In my previous post on this subject, I discussed addiction to alcohol and other drugs. I made the point that addiction to these substances is not an illness, but rather an extremely strong habit.
The notion that alcoholism is a disease gained popularity in the 50’s and 60’s. At about the same time, employers were beginning the practice of offering medical insurance to their staff, and insurance companies routinely included 30 days of treatment per year for alcoholism and/or drug addiction. At the time, there were very few treatment units for these problems, and little use was made of the drug and alcohol provisions in the insurance policies.
America, however, is nothing if not entrepreneurial, and soon private treatment units began to appear, fuelled by insurance dollars. At the same time, a quasi-religious group named Alcoholics Anonymous was thriving, and the commercial treatment units forged a symbiotic alliance with this organization. The treatment units hired senior members of AA as counselors, and “patients” were required to attend AA meetings as part of their treatment. In fact, for most of the units, treatment consisted of induction into the AA fellowship. Group therapy, individual therapy, lectures, films, etc., were all aimed towards encouraging and fostering membership of AA (and, of course, Narcotics Anonymous for people addicted to other drugs). Because alcoholism and drug addiction were conceptualized as illnesses, these programs were technically under the direction of a physician director, but his/her role seldom extended beyond the physical issues of detox, alcohol-induced tissue damage, etc… The actual running of the unit was in the hands of a counselor director (usually a recovered alcoholic and a member of AA).
By the late 80’s, chemical dependency treatment had become one of the fastest-growing (possibly the fastest-growing) industries in the United States. Around 1990, however, the insurance companies decided to pull the plug. And just as the treatment unit boom had been fuelled by insurance dollars, so its demise occurred when these dollars stopped flowing. I was involved in the chemical dependency treatment arena when these changes were occurring, and there was undoubtedly a good deal of hardship on the individuals who lost their employment. But in hindsight, I find myself on the side of the insurance companies. Their position was (and still is, I presume) that alcohol and drug addiction are not in themselves medical problems. So they would pay for detoxification, where this was medically necessary, but not for the 30 days of group therapy and induction into AA. Sometimes they would pay for these kinds of psycho-social interventions in an outpatient setting – but the days of the 30-day-residential (inpatient) programs were over.
There are still a small number of units serving individuals who can foot the bill from their own resources. And of course, there is still a publicly funded system. Most (perhaps all) states provide an involuntary commitment procedure for alcohol and drug addicts who have become dangerous to themselves or others. These individuals are committed to treatment units, sometime at the state hospital, sometimes free-standing. These programs are usually operated on the same general lines as the private units mentioned earlier, and are often described as “revolving doors”. This is because the “clients” routinely return – sometimes two and three times a year -for further “treatment”.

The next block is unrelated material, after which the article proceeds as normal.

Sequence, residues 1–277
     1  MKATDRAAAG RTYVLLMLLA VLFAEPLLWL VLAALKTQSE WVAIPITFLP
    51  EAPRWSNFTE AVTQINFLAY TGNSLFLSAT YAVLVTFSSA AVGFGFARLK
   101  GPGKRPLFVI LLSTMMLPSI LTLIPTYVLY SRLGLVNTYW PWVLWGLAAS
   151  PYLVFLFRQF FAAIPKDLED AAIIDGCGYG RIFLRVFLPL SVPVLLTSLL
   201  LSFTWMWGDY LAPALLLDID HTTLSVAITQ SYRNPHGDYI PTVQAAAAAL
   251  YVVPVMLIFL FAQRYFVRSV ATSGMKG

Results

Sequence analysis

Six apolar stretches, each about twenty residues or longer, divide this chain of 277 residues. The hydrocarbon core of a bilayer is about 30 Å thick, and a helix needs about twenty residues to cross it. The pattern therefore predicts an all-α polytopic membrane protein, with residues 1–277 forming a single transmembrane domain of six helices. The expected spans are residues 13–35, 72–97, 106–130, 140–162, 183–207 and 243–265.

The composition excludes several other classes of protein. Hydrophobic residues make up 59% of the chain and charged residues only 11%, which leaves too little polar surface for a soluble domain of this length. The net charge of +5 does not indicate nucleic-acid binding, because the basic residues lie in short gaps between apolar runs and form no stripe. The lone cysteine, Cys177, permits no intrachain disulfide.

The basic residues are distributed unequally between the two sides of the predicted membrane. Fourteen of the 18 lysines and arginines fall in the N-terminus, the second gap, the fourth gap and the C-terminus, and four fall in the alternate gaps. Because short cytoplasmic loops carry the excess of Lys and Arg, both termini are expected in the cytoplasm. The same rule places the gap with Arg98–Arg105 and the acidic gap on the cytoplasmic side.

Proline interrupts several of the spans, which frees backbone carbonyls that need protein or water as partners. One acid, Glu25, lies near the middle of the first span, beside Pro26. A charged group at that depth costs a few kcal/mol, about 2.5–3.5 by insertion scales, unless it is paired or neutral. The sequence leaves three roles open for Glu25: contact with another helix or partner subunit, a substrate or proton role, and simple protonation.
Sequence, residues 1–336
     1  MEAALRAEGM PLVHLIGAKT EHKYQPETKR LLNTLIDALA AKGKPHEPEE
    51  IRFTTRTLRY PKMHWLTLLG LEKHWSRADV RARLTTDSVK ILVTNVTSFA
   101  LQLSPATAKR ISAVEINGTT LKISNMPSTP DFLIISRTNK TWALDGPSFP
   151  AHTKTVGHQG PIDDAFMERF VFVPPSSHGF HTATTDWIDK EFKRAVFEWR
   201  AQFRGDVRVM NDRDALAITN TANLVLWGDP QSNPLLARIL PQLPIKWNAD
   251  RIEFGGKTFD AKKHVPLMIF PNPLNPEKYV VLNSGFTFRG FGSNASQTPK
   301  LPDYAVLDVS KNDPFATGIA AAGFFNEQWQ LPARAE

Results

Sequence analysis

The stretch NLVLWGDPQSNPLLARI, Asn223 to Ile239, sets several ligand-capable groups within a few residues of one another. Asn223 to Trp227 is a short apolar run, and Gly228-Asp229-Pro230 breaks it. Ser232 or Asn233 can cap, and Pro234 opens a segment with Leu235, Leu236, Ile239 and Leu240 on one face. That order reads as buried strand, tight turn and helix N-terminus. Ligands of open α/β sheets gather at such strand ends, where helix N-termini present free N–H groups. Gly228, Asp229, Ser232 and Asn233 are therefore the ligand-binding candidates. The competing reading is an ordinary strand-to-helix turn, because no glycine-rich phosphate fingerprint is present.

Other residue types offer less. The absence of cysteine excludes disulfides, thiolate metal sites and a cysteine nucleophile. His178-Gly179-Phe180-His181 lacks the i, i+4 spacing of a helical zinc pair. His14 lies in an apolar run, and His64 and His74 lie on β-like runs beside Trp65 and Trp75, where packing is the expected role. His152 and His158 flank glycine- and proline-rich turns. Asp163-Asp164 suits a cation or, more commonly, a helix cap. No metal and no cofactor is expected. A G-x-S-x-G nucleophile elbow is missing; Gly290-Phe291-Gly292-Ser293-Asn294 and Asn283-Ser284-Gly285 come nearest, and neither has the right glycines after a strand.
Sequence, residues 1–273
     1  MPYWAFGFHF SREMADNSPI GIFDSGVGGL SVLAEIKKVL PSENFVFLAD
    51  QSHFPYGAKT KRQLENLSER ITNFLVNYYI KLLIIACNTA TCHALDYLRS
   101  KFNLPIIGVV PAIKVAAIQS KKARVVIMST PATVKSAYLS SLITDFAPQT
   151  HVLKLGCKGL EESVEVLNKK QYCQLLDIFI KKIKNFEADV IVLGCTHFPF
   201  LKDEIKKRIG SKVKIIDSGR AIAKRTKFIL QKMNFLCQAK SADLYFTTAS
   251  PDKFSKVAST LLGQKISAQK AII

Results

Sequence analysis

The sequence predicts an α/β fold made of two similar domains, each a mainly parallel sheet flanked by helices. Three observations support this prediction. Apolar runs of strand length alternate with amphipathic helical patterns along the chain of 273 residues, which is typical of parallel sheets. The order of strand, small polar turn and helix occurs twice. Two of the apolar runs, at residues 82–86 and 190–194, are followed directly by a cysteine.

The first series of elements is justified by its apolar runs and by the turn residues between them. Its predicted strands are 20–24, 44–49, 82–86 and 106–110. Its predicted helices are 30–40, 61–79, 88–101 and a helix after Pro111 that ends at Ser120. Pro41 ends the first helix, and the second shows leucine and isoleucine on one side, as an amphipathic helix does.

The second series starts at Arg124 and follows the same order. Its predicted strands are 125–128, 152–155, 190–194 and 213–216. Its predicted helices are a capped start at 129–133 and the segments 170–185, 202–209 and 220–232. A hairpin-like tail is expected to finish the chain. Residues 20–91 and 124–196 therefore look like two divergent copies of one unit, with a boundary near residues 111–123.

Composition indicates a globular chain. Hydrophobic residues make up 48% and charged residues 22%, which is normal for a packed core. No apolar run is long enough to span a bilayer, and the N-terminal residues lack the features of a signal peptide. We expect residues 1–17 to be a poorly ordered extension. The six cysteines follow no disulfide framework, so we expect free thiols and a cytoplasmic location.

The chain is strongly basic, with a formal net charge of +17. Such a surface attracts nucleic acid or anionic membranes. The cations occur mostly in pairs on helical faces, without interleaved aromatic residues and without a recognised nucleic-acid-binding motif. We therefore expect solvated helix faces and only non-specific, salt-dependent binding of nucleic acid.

War on Drugs
The war on drugs has been around since the 60’s, but gained enormous momentum in the early 80’s under the Reagan administration. This so-called war which the United States government (along with the governments of many other nations) is waging against its own citizens, has to date cost the tax payer an estimated one trillion dollars (thirty-nine billion dollars so far this year). In addition, it has criminalized literally thousand (millions?) of ordinary people, has filled our prisons to overcrowding and beyond, has fuelled the biggest prison-building program in our nation’s history, has destroyed quality of life in many of our urban areas, and has turned the Mexico-US border area into a war zone.
And all for what? All for the US government’s claim that it has the right to tell people what they may and may not ingest.
First, let me clarify my position. The only drug I have ever used is alcohol. I have had a great deal of illness in recent years, and have occasionally received morphine and dilaudid for pain during inpatient stays at hospitals. I do not advocate the use of drugs for recreation, self-medication, or coping with life’s difficulties. Alcohol, nicotine, cocaine, heroin, etc., are all drugs, and they are all bad for you. And the more you ingest, the worse it gets. And some of the damage is permanent.
However, it is also my position that governments have not the right to tell people what they may or may not put into their bodies. In a democratic republic, political power ultimately resides in the people. And we surrender some of this power to an elected government in the interests of mutual safety, organization of services, etc.. But the notion that the government has the right to determine what an individual may or may not ingest is a throwback to a monarchical type of tyranny that should have no place in a country such as the United States. And as the War on Drugs has clearly demonstrated, they aren’t able to enforce their prohibitions.
So my position is legalize everything. But I would have certain safeguards and protections in place, which I will outline in my next post. Stay tuned.
Next Post: Drugs and Alcohol (Part 3)